By the 1850s settlers had moved west towards the current port city of Melbourne, and then north into the continent’s arid red center, the Outback. With the interior of the continent uncharted, these same hearty individuals homesteaded vast tracks of land and laid the foundation for that would become Australia’s leading exports, textile-quality wool and beef. The overland routes, or stock routes, became the economic arteries for the fledgling country, transporting supplies in, and cattle and wool out.
John Cameron surveyed the region between 1879 and 1881 and erected a wooden boundary marke
“Those pinchers will draw blood mate,” said a fisherman near Cooper Creek. Known as Yabbie
After a number of lengthy detours, we decided to take our chances with a full-on assault t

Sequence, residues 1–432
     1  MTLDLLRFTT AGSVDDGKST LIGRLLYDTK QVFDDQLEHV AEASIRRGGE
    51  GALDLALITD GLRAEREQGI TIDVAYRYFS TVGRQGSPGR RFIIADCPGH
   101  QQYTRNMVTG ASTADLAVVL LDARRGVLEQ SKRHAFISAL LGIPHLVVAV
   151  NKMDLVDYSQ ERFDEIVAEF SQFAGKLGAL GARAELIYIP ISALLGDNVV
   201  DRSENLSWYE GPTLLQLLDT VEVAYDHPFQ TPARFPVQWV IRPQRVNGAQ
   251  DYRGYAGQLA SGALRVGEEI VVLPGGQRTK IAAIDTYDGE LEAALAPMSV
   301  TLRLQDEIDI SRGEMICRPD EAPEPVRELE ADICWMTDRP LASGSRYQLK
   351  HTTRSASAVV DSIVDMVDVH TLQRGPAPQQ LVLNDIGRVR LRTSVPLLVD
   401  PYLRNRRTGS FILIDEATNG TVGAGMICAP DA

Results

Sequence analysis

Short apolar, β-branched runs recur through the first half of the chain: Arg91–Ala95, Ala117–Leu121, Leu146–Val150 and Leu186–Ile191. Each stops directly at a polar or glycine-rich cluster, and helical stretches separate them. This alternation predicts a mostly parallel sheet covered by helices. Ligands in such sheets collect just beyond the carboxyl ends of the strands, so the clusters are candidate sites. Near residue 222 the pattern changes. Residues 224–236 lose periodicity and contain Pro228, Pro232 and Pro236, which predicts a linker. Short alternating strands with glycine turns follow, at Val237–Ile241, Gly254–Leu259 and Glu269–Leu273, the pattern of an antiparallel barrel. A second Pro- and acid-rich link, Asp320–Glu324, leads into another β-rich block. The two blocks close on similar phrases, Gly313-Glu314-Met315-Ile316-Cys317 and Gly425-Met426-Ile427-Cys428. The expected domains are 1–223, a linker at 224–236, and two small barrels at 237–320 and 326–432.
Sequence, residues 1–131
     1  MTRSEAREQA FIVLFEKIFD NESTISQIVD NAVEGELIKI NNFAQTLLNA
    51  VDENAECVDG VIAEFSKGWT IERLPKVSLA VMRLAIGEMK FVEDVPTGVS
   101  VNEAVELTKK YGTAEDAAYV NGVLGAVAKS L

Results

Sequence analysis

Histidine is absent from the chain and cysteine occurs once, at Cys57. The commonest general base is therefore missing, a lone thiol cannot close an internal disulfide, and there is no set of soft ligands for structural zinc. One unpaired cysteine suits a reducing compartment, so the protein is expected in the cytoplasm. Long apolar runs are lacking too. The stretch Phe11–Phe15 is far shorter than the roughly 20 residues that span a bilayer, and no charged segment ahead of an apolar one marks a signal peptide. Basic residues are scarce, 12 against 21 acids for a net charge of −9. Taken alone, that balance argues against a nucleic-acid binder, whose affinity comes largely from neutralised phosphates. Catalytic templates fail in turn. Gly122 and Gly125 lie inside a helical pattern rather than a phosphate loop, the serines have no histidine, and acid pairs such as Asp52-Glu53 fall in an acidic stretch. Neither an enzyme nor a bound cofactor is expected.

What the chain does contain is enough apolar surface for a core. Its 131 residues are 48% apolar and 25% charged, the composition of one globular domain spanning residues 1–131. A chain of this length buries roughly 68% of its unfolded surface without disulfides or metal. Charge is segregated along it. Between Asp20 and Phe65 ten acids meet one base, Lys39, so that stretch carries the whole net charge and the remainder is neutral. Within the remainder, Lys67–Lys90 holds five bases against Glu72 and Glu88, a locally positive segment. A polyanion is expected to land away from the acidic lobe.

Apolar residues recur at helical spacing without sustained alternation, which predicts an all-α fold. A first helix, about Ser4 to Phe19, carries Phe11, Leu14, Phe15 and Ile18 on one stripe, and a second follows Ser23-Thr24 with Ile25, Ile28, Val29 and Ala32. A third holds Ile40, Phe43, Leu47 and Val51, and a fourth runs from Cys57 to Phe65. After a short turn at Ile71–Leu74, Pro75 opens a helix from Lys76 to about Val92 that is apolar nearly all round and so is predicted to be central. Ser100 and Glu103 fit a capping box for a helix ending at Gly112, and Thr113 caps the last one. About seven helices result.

On the Trail of Burke and Wills
In a country which has not experienced a major conflict on its native shores, save WWII, Australian heroes are borne from their full-on engagement with the motherland; the Outback. Two of these pioneering iconic figures were Robert O’Hara Burke and William John Wills. Their charge was to explore the continent’s unknown interior and confirm a route to the Bay of Carpentaria 2,500 kilometers to the north. Though they received full support from the Philosophical Institute and funding via the newly formed Exploration Committee, neither Burke nor Wills were qualified bushmen, and the expedition appeared doomed from the start.